Alimony guidelines are set at the state level, so make sure to research the guidelines for your state. Sometimes the family courts will not order any alimony payments for very short marriages, but there is no set rule across the country. Marriages as short as six months can result in alimony orders and longer marriages can have alimony denied.

How long does spousal support last?

In most cases, the term of alimony is based on the length of the marriage. The shorter the marriage, the shorter the alimony term. This also varies from state to state, and can be paid as a lump sum.

Has a woman ever had to pay alimony?

Yes. It’s becoming more common for women to pay, but still unlikely. In 1979, the Supreme Court ruled that spousal support payments are gender-neutral. However, according to 2010 census data, 97% of alimony recipients are still female.

It would be very unlikely for a stay at home mom to be required to pay alimony in a divorce, unless she also had a killer side hustle or home based business.

Should a stay at home mom get a job before divorce?

Yes, yes, yes. She will probably have to get one anyway – over 80% of custodial parents work full or part time, according to 2020 Census data. Most state divorce laws assume you will go to work, so starting that path should be your first step, even before you start divorce proceedings. More importantly, establishing an income before divorce increases financial security.

Three reasons SAHMs should get a job before divorce

  1. Divorces can take a long time, and you want an independent source of cash. Shenanigans happen. Unfortunately, it’s not uncommon for spouses trying to protect “their” money by moving it, hiding it or cutting off access to it by removing them from a joint account or credit card. This is another reason it is important to document your financial assets and establish your own credit and banking accounts.
  2. Financial stability decreases for most women immediately after divorce. Getting a job as soon as possible helps accelerate your path to financial empowerment, while removing some of the risk of entering or reentering the workforce.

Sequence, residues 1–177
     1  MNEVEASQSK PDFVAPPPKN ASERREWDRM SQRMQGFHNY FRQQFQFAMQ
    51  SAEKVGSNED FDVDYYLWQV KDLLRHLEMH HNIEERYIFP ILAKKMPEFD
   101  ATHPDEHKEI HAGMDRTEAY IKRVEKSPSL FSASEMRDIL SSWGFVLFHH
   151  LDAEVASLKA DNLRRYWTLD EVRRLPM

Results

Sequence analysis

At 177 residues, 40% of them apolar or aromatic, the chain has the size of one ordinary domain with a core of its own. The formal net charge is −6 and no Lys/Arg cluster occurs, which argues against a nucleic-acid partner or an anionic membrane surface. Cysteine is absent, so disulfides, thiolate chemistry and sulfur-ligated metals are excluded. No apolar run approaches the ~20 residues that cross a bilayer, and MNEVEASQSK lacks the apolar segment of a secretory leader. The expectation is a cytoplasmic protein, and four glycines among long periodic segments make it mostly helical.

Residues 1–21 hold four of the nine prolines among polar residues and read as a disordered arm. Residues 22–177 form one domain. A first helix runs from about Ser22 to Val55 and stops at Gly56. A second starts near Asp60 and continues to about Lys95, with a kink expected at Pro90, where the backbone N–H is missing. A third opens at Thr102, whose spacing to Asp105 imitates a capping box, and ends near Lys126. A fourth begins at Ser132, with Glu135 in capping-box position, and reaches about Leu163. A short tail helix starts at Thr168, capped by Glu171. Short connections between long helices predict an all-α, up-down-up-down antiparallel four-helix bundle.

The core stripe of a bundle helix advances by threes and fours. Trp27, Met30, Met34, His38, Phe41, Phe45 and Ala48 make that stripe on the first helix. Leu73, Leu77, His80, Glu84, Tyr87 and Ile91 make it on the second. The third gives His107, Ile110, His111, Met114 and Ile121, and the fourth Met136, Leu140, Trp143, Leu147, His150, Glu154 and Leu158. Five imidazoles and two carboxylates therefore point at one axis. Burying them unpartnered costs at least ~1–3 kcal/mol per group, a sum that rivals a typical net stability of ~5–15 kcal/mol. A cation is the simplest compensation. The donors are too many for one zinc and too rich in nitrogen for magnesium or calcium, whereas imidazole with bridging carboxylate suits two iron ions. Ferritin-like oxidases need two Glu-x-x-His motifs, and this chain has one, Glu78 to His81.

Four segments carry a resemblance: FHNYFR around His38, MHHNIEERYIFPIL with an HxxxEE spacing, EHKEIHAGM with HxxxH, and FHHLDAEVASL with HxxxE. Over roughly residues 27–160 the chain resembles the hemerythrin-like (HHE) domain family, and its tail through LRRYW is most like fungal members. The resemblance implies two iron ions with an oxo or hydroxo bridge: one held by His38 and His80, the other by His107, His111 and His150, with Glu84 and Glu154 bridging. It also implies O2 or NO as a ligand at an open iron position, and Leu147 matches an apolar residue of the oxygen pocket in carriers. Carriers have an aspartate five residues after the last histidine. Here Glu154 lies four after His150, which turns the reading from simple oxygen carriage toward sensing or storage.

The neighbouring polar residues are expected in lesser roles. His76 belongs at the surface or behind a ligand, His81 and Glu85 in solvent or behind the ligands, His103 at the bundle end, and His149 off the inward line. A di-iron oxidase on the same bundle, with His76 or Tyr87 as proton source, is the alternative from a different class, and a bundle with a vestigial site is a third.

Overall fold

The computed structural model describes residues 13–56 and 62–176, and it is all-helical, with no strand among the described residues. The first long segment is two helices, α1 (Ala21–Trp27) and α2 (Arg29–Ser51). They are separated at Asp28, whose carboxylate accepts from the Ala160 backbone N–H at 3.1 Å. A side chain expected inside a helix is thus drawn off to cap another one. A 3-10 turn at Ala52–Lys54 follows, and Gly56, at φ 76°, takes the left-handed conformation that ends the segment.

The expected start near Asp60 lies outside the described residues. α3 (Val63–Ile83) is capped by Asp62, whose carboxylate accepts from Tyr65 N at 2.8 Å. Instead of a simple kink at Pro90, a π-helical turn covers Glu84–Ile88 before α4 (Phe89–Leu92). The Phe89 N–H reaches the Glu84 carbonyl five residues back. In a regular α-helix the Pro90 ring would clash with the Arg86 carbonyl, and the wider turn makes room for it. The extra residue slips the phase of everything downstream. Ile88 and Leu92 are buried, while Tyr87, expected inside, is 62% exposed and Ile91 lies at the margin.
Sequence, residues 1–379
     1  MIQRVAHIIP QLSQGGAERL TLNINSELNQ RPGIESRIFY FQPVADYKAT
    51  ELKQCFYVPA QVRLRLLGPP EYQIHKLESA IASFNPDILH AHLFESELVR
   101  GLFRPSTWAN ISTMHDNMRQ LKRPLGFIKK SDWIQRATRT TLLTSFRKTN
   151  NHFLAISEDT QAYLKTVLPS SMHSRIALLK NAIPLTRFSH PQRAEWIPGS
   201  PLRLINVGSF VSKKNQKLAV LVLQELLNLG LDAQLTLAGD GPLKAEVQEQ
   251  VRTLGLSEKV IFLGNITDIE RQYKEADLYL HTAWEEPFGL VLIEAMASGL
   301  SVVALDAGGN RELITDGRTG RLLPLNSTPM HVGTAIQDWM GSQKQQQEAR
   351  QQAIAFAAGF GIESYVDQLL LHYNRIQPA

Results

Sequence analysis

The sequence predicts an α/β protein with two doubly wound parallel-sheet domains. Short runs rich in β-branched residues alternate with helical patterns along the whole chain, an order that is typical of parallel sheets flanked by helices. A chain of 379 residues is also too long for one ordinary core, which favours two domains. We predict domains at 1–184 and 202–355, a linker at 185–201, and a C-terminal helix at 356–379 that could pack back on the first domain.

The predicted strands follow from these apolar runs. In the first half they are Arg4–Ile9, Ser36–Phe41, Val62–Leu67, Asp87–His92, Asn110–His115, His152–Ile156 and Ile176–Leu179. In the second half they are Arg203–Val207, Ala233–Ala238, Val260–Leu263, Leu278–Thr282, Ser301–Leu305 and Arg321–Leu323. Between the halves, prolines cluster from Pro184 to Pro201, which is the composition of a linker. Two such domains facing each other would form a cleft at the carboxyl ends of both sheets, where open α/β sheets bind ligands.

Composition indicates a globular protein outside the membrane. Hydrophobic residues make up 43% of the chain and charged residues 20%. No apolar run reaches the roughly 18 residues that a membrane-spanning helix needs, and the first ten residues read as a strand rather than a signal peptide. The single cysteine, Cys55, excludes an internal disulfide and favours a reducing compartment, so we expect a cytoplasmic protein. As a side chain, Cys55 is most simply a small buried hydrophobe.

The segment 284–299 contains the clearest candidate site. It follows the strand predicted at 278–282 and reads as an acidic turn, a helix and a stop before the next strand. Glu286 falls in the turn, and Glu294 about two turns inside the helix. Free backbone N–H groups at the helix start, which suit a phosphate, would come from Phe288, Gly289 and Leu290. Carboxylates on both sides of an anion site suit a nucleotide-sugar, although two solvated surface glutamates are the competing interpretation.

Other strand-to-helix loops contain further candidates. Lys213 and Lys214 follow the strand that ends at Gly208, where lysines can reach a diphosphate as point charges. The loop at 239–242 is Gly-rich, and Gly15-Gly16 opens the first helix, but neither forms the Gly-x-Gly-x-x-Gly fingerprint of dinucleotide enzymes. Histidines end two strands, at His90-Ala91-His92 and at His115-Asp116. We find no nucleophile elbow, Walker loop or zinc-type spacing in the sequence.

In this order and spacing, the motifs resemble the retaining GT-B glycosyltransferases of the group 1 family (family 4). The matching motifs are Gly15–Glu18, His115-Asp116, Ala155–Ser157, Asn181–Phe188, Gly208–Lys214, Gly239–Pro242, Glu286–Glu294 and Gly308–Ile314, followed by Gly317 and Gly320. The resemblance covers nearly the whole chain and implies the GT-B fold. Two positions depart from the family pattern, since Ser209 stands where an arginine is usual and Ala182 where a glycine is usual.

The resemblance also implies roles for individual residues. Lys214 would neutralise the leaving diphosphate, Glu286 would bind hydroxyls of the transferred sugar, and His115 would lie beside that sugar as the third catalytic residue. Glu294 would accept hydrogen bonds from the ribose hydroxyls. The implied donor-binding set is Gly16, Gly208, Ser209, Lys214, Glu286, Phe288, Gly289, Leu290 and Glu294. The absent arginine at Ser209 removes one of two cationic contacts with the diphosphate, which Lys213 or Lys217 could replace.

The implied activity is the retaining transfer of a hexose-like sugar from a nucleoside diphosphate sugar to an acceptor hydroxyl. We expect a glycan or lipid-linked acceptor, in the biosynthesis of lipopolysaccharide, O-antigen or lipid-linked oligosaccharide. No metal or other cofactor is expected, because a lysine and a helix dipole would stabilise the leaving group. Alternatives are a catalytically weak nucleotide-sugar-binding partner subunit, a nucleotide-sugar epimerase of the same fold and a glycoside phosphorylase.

3. You can do some resume building. Often one has to work some crappy jobs to get established in the workforce. I sure did. Those “foot in the door” gigs of the way open the path to better roles and higher earning. You don’t control the timing of the job market, so you want to start your own career as soon as possible, especially if you have young children and need to juggle child care.

Divorce advice for stay at home moms

When it comes to leaving an unhappy marriage, a stay-at-home mom can often feel like she’s at a disadvantage. But, there are steps you can take and the earlier you start, the easier it is to gain back control over your finances. This is true whether you go through the process of a formal divorce case or if you are splitting up a partnership.

These include negotiating an equitable distribution (fair share) of marital assets, fair child custody arrangements and support payments; enforcing these payments from the other parent; building financial independence by building your own income; and creating long-term income stability for yourself and your family.

1. Protect your access to cash while separating

There are two parts to this. First, build independent cash. Second, protect your access to joint cash.

Even if you don’t have an outside job, make sure to obtain your own banking accounts and credit cards as soon as you separate. In your name only. At a totally new bank. New income, loans from a family member, etc. can be deposited into that account so only you have access.